rushonrock: Have your festival appearances reminded rock fans in general of your quality?

MM: The festivals we’ve been playing in the last few years have been a huge help in getting the Europe name back out there. Back in the 80s we hardly played any festivals – there weren’t so many out there. But they’re a great means of reaching lapsed Europe fans and winning new Europe fans. Sonisphere was a huge success for us last summer. I’m sure there were people in that crowd who didn’t know we were back and people out there who had never heard of us. But if we can still play to new people that’s great.

rushonrock: So will you be back on the festival trail this summer?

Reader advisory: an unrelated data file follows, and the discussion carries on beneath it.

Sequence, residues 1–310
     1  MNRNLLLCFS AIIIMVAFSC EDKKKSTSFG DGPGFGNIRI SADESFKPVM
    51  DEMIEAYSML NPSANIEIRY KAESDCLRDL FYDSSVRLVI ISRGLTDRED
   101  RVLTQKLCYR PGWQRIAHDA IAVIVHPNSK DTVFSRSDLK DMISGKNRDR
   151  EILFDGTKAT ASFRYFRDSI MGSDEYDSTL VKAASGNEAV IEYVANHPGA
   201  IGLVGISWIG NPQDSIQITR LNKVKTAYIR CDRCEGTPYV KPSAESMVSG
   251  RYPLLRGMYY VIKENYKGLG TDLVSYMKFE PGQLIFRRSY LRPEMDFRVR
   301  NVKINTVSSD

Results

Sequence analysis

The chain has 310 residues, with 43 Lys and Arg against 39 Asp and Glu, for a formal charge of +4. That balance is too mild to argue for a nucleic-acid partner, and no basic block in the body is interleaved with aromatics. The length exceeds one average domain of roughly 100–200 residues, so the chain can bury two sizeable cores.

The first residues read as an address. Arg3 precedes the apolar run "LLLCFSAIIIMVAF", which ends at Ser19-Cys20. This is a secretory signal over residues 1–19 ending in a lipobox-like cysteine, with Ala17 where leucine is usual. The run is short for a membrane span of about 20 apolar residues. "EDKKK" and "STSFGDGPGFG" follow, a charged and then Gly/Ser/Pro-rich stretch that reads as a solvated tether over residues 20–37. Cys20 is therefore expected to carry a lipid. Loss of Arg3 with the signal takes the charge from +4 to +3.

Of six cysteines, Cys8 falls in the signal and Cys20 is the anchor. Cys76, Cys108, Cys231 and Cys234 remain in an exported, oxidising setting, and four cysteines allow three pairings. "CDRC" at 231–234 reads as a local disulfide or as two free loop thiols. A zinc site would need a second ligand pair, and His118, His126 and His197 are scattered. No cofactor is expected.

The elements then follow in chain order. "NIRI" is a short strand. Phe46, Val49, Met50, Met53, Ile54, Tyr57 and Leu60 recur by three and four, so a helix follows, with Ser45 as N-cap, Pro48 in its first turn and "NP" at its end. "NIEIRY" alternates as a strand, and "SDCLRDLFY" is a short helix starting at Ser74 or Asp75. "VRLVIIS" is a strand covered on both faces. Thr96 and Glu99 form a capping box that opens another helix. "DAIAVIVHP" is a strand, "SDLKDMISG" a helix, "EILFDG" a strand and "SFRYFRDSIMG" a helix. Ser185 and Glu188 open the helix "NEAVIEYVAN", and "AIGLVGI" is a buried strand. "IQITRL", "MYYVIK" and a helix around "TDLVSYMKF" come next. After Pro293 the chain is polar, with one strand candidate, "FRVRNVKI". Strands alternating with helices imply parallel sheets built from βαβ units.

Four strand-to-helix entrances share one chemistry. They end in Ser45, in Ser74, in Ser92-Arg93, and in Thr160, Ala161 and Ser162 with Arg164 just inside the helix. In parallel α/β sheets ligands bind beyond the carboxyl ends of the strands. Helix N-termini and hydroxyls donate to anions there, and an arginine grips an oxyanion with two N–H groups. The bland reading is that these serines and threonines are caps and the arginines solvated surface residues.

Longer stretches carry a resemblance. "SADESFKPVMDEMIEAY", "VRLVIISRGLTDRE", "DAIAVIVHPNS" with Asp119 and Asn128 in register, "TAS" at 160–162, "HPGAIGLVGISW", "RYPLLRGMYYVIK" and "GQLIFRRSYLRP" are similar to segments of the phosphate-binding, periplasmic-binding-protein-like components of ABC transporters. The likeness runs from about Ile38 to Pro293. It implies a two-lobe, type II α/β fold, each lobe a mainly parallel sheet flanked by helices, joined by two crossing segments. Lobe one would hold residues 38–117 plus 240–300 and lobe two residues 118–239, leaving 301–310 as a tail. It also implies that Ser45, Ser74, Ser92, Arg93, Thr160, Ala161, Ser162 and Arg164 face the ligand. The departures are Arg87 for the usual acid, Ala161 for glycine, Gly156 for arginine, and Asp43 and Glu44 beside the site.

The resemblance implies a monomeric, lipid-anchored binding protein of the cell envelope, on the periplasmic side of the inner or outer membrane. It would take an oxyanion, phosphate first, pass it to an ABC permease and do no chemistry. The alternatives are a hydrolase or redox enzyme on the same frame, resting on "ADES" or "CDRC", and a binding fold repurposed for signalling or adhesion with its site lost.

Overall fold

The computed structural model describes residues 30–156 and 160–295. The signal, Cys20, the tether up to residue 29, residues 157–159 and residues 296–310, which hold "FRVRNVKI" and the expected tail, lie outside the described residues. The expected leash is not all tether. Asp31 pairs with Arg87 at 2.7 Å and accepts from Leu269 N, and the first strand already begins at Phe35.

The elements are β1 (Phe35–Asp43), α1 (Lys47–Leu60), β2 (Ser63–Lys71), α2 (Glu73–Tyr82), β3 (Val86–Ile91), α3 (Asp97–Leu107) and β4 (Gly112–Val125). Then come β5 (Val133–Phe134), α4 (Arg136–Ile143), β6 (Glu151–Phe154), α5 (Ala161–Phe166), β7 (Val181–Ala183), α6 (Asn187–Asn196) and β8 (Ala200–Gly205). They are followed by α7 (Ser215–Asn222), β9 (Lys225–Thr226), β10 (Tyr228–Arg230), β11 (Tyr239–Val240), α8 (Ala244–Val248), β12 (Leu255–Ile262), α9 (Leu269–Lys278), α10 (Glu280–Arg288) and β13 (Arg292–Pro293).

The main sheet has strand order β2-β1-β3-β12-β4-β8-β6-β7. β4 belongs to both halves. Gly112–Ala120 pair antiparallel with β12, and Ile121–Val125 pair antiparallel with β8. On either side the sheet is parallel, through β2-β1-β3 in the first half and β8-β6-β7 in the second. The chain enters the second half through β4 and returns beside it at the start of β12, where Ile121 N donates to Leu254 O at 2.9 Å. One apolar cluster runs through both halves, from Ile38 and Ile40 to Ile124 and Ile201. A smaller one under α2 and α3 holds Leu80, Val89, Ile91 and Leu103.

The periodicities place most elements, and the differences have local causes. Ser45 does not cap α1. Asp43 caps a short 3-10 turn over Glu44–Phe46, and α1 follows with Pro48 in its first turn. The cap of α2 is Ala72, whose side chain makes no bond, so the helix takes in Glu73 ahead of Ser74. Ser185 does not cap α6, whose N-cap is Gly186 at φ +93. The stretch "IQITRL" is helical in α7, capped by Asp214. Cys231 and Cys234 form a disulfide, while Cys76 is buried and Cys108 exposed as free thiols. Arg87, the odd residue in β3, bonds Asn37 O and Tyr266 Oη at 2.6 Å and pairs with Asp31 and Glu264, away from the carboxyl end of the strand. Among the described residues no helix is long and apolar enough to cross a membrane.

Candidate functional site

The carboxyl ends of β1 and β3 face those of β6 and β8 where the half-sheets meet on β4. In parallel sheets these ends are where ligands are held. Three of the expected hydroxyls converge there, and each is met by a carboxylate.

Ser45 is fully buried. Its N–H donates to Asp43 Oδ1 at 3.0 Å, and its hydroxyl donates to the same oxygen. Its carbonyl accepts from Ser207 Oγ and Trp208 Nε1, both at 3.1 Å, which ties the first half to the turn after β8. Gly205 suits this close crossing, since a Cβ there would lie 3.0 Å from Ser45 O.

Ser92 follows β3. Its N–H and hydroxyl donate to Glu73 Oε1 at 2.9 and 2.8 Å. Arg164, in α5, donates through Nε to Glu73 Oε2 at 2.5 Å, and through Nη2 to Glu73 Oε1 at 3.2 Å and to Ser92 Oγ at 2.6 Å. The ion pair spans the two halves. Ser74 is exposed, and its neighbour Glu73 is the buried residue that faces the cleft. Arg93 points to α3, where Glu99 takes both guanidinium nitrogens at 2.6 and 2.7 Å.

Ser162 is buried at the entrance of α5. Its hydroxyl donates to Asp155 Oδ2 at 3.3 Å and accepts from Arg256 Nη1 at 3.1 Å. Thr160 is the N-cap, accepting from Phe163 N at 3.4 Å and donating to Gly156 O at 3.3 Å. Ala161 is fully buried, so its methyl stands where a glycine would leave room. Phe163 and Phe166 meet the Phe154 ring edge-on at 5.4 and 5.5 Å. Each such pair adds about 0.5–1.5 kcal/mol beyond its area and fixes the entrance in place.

MM: We might play one or two festivals but we’ll be spending most of the summer starting to write for the new album. We’ll be recording it later this year.

rushonrock: Looking back can you equate Europe in the early 80s to Europe in 2011?

MM: We went on a fantastic journey as a band in the 80s. We went from being a bunch of punks in a Stockholm suburb to worldwide stars – not quite overnight but it felt that way! We did struggle for a couple of years back in Sweden but then it was a big leap from being fairly well known in our home country to becoming an international act.

rushonrock: Would you have done anything different 30 years ago?